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Secret Life of Teens: Facebook - The Trouble with Facebook
Many teens say they know someone who has landed in trouble for a Facebook posting. Teachers and administrators, they say, are cruising Facebook looking for incriminating evidence.
Todd from Paul VI Catholic received a “friend request” from someone he thought was a pretty new girl coming to the school. The guys were excited. “She never showed up,” Todd says. He thinks it was an administrator. “I don’t see it being a kid—that’d be the lamest prank ever.”
It’s possible that school administrators are creating fake profiles to search online for bad behavior, but some say they don’t bother. Parents and other students bring pictures to the school’s attention.
“The information is readily available without us having to go trolling for it,” says Michael Doran, principal of Rockville’s Wootton High.
In Montgomery and Fairfax counties, where high-school athletes sign no-drinking pledges, students can be suspended from teams if drinking photos surface. At one Montgomery County school, students say a peer told administrators about a picture of athletes holding beers. “People will rat you out,” says a senior. “If you have enemies—you’re done.”
Most schools block access to Facebook via campus computer networks, but some students still get to it using proxy servers. Georgetown Visitation, an all-girls private school in Northwest DC, bans Facebook on campus and doesn’t allow students to use a school-based network at all.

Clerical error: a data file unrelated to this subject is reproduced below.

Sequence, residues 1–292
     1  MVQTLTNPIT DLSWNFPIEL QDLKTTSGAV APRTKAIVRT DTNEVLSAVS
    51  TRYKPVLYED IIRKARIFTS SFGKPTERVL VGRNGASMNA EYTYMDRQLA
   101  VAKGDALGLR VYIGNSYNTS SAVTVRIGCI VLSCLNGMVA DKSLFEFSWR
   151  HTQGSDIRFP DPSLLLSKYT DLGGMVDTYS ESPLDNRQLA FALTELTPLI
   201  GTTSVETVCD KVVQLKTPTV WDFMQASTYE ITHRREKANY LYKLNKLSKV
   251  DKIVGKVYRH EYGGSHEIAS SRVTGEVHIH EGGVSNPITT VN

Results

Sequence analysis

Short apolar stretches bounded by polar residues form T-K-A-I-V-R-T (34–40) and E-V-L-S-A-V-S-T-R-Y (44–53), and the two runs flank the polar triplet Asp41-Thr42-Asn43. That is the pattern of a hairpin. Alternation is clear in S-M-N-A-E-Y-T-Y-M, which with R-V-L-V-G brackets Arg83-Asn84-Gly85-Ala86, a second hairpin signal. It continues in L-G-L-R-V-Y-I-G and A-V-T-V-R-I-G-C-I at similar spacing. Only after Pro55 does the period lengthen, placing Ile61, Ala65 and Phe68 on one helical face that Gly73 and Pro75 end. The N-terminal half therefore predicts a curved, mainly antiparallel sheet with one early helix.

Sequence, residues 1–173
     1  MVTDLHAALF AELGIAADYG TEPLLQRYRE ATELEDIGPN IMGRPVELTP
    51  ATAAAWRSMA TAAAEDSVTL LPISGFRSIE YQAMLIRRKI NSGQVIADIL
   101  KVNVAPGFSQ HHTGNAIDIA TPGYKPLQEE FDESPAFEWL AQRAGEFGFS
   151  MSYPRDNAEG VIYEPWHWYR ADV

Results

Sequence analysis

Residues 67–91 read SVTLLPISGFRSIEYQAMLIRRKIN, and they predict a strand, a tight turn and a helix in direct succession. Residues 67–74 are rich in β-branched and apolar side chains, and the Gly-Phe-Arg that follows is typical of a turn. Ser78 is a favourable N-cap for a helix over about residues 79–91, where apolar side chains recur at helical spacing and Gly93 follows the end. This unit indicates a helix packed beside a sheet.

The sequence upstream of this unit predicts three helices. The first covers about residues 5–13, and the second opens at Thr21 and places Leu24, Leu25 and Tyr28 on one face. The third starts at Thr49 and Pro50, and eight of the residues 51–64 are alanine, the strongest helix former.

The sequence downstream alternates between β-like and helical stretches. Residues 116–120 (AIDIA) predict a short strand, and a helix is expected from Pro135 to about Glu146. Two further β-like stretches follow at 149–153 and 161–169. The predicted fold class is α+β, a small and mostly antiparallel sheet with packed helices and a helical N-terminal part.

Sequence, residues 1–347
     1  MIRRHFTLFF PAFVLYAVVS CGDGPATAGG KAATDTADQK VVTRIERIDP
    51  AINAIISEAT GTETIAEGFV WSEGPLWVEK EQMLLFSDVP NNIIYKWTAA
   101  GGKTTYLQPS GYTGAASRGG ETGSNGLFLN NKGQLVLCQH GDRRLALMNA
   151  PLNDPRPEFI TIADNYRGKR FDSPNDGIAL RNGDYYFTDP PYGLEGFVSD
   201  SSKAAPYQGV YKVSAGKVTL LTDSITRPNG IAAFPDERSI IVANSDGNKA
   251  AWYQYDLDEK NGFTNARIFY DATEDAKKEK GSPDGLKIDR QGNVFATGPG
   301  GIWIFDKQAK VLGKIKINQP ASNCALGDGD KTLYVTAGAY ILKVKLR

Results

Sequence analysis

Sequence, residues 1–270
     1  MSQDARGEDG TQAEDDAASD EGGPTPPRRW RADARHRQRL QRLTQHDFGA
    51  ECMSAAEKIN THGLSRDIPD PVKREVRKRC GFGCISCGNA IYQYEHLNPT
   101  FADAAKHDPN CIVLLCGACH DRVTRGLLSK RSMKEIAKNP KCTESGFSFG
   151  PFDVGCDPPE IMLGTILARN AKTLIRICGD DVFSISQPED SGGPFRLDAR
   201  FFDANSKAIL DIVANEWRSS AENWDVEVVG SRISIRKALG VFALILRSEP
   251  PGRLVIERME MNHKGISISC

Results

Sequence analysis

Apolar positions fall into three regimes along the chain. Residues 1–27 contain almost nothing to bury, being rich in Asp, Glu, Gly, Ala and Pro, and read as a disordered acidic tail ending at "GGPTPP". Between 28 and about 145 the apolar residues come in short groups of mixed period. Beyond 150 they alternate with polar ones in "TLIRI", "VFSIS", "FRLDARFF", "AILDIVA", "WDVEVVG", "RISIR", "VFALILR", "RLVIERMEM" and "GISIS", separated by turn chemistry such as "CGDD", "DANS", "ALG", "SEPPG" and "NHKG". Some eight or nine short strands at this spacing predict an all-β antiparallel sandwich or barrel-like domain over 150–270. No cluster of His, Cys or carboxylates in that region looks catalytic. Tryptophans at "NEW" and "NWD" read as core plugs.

“Our school is really interested in its image—they don’t want us to be given a bad name,” says Katie, a Visitation student. She says the school brought in a law-enforcement officer, who told students that “by having a Facebook profile we are jeopardizing our future husbands’ political careers.”
Last spring, as part of a student-government project, kids at Wootton created a fake profile for a cute boy named “Trevor” moving to the area. More than 500 students friended Trevor online, and ten girls agreed to meet him.
Student officers also gave out color-coded bracelets based on the amount of personal information that kids posted on their profiles. Students who listed cell numbers got yellow bracelets; kids who gave out a home number, address, or work information got red.
“We followed one girl home from work and videotaped it, showing how easy it was for somebody to stalk you,” says guidance counselor Jennifer Taylor. “We got her permission and showed it in our assembly.”
To illustrate the ugliness of Wootton talk online, the student government pulled quotes and wall messages from students’ profiles and posted them without attribution around the building. Among the quotes:
Not Jewish, thank you very much.
I hate dumb people, especially blonds with a lot of acne.
I love getting high.
Rape is not a crime—it’s surprise sex.
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